and training, and individual income tax exemptions. These incentives need to be pursued and enhanced
in the future so that many women will be interested to join labour market. From this latest trend, it can
also be seen that the percentage of women with higher academic education has engaged in the labour
market. Looking at this group in detail, it is found that 70% of this group come from the skilled worker
category. Most of these groups also work in the sectors: 1) Education, 2) Human health and social work
activities, and 3) Wholesale and retail trade. This is verified by an increase in the contribution of the
services sector in Gross Domestic Product (GDP) from 46.8 per cent in year 1990 to 56.7 per cent in
year 2018 (DOSM, 2016, 2019e). This finding also support the study by Nor Aznin and Norehan, (2010),
Malaysia economic growth in the manufacturing and services sector would increase women participation
in the labour force. Therefore, the government should have a policy that is always open to new job
opportunities in the employment of skilled workers to cater for the arrival of women graduates so that the
knowledge they gain while pursuing higher education can be utilized as much as possible which will be
in line with the government efforts to make Malaysia more successful country. This is because we want
Malaysia to be a developed country with a lot of skilled labour as opposed to a lot of low skilled labour.
The compulsory retirement age also needs to be revisited so that extending the retirement period to 60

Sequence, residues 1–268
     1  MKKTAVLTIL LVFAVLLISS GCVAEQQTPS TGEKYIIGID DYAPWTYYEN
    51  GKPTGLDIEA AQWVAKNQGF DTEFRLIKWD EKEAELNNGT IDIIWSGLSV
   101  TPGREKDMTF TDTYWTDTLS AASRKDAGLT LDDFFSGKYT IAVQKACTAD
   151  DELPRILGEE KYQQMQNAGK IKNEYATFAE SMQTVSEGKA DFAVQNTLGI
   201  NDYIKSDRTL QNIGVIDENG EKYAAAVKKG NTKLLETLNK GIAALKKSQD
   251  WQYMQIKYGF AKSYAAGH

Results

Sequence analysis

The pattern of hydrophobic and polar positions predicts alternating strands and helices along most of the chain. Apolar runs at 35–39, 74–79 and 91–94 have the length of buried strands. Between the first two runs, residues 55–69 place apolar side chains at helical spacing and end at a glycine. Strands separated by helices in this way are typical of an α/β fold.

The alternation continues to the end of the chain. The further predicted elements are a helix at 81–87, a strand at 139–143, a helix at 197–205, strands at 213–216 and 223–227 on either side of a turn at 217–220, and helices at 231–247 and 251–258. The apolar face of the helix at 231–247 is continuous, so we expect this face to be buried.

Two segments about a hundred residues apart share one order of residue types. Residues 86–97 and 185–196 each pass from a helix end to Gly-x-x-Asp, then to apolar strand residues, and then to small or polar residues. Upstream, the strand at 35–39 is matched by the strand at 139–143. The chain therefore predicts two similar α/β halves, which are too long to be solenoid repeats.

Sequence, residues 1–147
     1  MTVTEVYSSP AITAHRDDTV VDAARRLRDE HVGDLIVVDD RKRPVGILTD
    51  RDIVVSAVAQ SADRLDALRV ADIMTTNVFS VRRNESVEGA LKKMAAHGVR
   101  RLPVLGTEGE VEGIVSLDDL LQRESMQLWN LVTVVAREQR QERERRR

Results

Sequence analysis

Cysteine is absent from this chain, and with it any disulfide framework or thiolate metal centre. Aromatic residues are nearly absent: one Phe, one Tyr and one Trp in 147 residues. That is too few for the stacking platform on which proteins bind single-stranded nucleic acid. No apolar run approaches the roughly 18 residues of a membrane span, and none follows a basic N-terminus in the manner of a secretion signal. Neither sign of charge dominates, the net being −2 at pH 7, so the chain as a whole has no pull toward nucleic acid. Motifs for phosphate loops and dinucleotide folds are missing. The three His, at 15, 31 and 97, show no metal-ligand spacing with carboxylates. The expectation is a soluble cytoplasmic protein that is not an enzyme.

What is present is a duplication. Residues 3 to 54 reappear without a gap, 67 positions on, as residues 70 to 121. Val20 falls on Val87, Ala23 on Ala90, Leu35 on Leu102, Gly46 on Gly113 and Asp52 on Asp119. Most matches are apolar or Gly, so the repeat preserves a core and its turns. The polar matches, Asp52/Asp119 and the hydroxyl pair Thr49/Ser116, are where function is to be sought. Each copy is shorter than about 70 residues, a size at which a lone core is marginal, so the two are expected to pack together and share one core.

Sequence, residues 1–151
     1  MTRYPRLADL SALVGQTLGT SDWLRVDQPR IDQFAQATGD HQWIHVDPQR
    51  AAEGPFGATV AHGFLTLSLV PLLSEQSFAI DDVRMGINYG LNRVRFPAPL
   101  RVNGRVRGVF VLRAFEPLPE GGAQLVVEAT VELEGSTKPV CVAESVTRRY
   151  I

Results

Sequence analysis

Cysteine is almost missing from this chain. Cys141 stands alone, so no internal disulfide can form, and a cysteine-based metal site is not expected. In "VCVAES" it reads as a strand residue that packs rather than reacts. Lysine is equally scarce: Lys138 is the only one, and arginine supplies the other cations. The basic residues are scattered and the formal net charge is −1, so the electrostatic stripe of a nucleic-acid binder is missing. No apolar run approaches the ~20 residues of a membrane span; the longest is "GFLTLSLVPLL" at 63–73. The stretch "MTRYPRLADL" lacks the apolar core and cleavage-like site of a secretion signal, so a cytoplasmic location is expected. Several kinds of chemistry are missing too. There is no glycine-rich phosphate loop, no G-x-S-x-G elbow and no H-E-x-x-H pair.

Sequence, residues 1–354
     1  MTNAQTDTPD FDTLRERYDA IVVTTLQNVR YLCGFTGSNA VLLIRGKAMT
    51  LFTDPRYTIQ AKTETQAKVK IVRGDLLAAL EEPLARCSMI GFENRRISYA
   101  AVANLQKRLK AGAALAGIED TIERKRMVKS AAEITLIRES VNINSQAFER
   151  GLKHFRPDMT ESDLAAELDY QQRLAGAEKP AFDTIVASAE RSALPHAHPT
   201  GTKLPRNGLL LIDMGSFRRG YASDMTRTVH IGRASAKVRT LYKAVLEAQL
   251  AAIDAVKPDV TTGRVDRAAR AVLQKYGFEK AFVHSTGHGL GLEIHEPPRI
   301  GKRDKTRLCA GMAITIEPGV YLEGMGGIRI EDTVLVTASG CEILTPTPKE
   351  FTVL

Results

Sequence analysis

years or above will not affect youth employment opportunities. It is suggested that the age of this
compulsory retirement varies according to the level of occupation skills that are skilled, semi-skilled and
low skilled. Therefore, efforts need to be enhanced by targeting initiatives of this age group so that those
who are still unemployed will be motivated to start working.
240
Alias et al. | Malaysian Journal of Fundamental and Applied Sciences, Vol. 17 (2021) 226-241
Acknowledgments
The rst author thankfully acknowledges financial support from the Public Service Department (PSD) for
their trust in giving the sponsorship of “Hadiah Latihan Persekutuan (HLP)”. The authors thank to
Department of Statistics, Malaysia (DOSM) for the data use in this paper. The authors take responsibility
for the integrity of the data and the accuracy of the data analysis. The authors also thank to an
anonymous reviewer and the editor for their helpful comments.
References
Agresti, A. 2002. Categorical Data Analysis. Edisi kedua. New Jersey: John Wiley & Sons, Inc.
Azid, T., Khan, R. E. A., Alamasi, A. M. S. 2010. Labor force participation of married women in Punjab (Pakistan).
International Journal of Social Economics, Vol. 37 Iss 8 pp. 592612
Becker, G. S. 1993. Human Capital: A Theoretical and Empirical Analysis with Special Reference to Education. Edisi
ketiga. United States: The National Bureau of Economic Research.
Cho, A. R. 2014. Comparisons of recursive partitioning analysis and conventional methods for selection of uncuffed
endotracheal tubes for pediatric patients. Pediatric Anesthesia 25, 698-704